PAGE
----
The Beatles: A Day in the Life: This is the first song that has given me some time to actually concentrate on the wine. There is this bitterness* that resounds even through the big, almost {jammy} fruit. The orchestral ending to this song belies the initial cacophony of fruit and alcohol that resolves and ends on a slightly discordant note.

Songs for a New World: King of the World At this point, I’m about halfway through the bottle, and yeah, I feel like I’m king of the world, probably because I’m getting hammered.

Phish: The Squirming Coil another more contemplative song. This wine burns my mouth, kind of like Listerine. The ABV on Listerine is 21%, by the way.

Jewel: You Were Meant For Me Sorry baby, we had some good times, but I think you’re just too much for me.

Béla Fleck & the Flecktones: Lochs of Dread During this song I discovered the part of the label that is a stamp that you can rip off and conceivably place in a wine journal or something. Pretty cool.

Miles Davis: ‘Round Midnight This is great “bottom of the bottle” music. Pencil lead, celery seed, the wine is starting to reveal some complexity under its initially powerful and bulky first impression.  However, after a little break (smelling some fresh air and coming back) the wine is as obnoxious as ever coming back.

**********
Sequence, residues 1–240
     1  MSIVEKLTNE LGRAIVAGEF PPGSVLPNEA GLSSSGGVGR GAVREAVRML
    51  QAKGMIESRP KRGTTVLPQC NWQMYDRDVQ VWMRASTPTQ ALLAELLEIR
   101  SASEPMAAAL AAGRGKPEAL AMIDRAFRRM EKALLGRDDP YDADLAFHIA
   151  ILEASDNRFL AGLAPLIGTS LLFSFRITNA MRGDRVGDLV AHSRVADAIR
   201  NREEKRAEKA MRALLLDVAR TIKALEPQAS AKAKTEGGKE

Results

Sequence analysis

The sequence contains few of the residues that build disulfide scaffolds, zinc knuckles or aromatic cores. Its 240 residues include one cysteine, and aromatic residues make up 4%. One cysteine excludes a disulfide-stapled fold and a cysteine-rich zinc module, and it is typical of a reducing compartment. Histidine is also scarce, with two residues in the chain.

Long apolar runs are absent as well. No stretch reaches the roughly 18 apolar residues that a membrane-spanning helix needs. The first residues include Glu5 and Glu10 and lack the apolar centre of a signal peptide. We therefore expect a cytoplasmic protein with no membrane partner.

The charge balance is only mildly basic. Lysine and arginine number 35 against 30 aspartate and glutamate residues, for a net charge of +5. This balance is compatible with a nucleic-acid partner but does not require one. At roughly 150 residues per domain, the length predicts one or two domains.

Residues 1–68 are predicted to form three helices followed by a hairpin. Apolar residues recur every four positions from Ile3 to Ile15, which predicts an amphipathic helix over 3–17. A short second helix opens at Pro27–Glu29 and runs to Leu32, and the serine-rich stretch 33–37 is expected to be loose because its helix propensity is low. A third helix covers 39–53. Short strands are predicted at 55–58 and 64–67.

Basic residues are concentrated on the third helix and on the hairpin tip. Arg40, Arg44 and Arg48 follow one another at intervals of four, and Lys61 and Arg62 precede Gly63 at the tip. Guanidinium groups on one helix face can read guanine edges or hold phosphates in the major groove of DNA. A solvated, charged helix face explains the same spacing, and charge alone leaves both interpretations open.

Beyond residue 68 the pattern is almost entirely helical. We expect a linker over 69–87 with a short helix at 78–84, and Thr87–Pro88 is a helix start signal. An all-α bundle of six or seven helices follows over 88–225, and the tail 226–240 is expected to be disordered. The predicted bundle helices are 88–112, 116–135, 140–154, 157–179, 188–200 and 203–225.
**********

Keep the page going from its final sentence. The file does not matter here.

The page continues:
Overall, I found that the music was a more distracting than anything to my overall tasting experience.  Perhaps I was putting too much thought into the process, trying actively to pair the music up with the wine.  At any rate, I think that while my impression of the wine did sort of change over time, it didn’t really have anything to do with the music.  The music was more of a conversation starter, inspiring ideas for tasting notes rather than influencing my mood or perception.  Then again, that’s just me.  I really enjoyed the WBW theme, so kudos to Katie for hosting!

*Science!
Continuing our discussion on balance, a report from 1994 by Fischer and Noble (“The Effect of Ethanol, Catechin Concentration, and pH on Sourness and Bitterness of Wine”, AJEV) found that ethanol concentration increases the perception of bitterness in wine.  The researchers took de-alcoholized wine (alcohol removed by reverse osmosis), and evaluated bitterness with tasting panels for 8%, 11%, and 14% alcohol by volume.  With increasing ethanol concentration, the bitterness in the wine increased.  This could explain why a recurrent tasting note in the process of tasting this wine was a lingering bitterness.  Sixteen percent? Yikes.

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3 Responses to Wine Blogging Wednesday 58: Pairing wine with music

  1. Evan Dawson on 14 June 2009 at 10:20 am

    I’ve had a handful of Australian reds that smell and taste shockingly like Amarone – a bad, hotter-than-hell Amarone. 16 ABV makes me think this wine is in that group.

  2. [...] We anglophones have “Wine Blogging Wednesday“, in which I have participated twice so far. Francophones, on the other hand, have “Vendredi du Vin”, or “Wine Friday”. [...]

  3. Reader mail: Non-alcoholic wine? « Ithacork on 22 September 2009 at 5:00 pm

    [...] of science) and none of them really taste like wine to me. Alcohol actually does much for the body and especially the acid balance of wine. Alcohol-removed wine to me tastes extremely [...]